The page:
Shares of Etsy (ETSY -4.40%) sank on Thursday after the online marketplace for craft goods warned shareholders that its pace of expansion was slowing. As of 2:22 p.m. ET, Etsy's stock price was down more than 18%.
The total dollar value of transactions processed on the company's e-commerce platforms, a key metric known as gross merchandise sales (GMS), rose 3.5% year over year to $3.3 billion in the first quarter. However, GMS declined by 2%, to $2.8 billion, on Etsy's namesake marketplace.
The company said consumers are shopping more in traditional retail stores now that the economy has reopened. They are also spending less on discretionary items, due in part to negative macroeconomic factors. Conflict in Europe and a corresponding surge in energy prices, as well as stubbornly high inflation in areas like food and housing costs, are widely expected to force many consumers to rein in their spending.
It should be noted that Etsy experienced incredible growth during the early stages of the pandemic. So, despite the small decline in the first quarter, Etsy marketplace GMS was still up an impressive 177% compared with the first quarter of 2019.
Moreover, merchants continued to flock to Etsy's platform. Despite a 30% increase in fees that resulted in protests among a small group of sellers, total active sellers surged 62.8% to nearly 7.7 million. Growth in buying customers, though, was more muted. Active buyers increased 4.9% to 95.1 million.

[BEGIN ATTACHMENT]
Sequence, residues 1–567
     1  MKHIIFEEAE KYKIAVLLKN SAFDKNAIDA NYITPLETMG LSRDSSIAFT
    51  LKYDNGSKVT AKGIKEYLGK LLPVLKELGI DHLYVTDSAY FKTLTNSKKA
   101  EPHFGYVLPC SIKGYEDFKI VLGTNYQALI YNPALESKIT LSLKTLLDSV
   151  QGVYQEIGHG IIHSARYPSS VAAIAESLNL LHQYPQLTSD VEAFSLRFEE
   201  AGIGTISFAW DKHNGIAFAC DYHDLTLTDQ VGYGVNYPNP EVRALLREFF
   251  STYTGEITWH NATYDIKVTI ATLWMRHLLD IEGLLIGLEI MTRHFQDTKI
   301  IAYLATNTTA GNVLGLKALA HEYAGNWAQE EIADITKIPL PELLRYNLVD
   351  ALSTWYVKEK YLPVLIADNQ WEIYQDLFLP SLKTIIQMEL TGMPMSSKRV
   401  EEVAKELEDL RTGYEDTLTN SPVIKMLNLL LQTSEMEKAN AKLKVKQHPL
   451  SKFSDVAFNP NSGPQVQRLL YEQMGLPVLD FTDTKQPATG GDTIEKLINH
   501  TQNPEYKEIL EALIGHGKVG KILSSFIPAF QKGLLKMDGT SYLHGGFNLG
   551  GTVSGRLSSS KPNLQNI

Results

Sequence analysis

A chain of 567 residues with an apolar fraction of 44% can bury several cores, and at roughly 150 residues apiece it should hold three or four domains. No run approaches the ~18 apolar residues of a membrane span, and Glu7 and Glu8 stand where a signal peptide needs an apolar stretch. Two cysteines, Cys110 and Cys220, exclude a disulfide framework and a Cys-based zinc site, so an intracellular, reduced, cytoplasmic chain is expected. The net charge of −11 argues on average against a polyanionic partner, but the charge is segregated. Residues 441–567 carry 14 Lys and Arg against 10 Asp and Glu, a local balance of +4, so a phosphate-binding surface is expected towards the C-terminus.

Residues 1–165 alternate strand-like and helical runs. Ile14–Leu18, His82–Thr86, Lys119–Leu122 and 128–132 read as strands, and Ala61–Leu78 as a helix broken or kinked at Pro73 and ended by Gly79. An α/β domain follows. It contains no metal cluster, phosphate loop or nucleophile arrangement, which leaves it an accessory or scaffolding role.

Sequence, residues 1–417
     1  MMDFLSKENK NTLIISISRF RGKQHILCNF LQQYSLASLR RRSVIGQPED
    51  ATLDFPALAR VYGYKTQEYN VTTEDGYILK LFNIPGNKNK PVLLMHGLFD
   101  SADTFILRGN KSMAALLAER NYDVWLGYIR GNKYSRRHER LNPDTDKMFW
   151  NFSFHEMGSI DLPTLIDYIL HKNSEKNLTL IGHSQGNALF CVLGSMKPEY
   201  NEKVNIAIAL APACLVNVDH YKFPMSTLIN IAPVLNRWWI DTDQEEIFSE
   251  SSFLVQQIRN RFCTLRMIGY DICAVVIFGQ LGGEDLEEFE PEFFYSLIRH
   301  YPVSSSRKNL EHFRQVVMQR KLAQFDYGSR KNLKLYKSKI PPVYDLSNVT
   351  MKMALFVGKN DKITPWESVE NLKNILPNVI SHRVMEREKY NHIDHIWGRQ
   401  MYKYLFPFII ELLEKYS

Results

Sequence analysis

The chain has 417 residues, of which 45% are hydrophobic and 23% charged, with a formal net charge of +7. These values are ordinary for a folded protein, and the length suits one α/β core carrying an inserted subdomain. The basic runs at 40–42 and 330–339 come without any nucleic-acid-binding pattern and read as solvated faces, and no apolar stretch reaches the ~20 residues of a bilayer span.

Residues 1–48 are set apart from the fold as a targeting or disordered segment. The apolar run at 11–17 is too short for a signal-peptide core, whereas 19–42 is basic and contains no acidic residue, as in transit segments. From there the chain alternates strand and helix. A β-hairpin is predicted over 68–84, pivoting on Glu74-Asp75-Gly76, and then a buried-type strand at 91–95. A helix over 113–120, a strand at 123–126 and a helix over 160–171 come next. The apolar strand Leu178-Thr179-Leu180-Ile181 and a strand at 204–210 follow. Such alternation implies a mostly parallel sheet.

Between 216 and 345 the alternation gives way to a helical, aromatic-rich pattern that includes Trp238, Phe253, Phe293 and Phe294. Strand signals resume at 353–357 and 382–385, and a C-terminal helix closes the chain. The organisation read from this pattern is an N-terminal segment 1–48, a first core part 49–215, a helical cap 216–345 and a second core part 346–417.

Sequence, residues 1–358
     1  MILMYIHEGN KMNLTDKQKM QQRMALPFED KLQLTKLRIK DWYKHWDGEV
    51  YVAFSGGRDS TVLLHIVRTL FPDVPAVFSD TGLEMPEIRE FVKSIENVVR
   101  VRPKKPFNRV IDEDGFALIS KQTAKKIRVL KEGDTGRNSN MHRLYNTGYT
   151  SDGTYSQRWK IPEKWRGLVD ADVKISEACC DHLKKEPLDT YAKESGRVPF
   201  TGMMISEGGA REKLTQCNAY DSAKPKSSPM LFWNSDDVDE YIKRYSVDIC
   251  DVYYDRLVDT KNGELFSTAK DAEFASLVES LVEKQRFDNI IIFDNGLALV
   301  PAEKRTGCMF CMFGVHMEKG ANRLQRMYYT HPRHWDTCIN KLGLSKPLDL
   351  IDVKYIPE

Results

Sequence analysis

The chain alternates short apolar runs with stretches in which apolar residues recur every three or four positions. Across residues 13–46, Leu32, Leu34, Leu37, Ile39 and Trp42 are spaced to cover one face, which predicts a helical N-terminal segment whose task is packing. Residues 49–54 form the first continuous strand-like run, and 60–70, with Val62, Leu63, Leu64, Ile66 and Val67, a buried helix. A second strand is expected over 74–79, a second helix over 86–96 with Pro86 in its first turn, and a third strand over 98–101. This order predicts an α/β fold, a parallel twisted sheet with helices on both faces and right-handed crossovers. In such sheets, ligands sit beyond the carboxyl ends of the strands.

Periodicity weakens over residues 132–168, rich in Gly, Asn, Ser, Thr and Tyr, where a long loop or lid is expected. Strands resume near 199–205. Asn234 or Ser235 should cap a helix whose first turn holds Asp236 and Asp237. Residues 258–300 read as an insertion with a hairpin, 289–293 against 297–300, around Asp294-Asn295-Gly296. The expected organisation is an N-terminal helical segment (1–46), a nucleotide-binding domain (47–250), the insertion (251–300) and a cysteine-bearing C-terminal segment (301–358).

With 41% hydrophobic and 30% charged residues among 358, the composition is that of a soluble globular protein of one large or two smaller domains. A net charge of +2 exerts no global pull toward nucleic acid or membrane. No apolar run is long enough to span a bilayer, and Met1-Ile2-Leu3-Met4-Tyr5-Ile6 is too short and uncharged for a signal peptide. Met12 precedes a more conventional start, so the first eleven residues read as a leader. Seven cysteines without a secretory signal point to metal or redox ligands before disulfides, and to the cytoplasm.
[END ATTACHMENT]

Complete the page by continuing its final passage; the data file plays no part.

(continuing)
All told, Etsy's revenue grew by 5.2% to $579.3 million. Its net income, however, fell 40.1% to $86.1 million, or $0.60 per share, largely due to acquisition-related expenses.
Investors appeared to be more concerned about Etsy's tepid guidance. Management expects GMS of $2.9 billion to $3.2 billion and revenue of $540 million to $590 million in the second quarter. The midpoint of those ranges would represent declines of roughly 6% and 2%, respectively, compared with the first quarter.
Still, Chief Financial Officer Rachel Glaser believes Etsy's future remains bright. "In the current macroeconomic environment, consumers have less disposable income and many more places to spend it, and while this creates a short-term headwind for sales on our marketplaces, we have very strong conviction in the long-term growth potential of our business," Glaser said.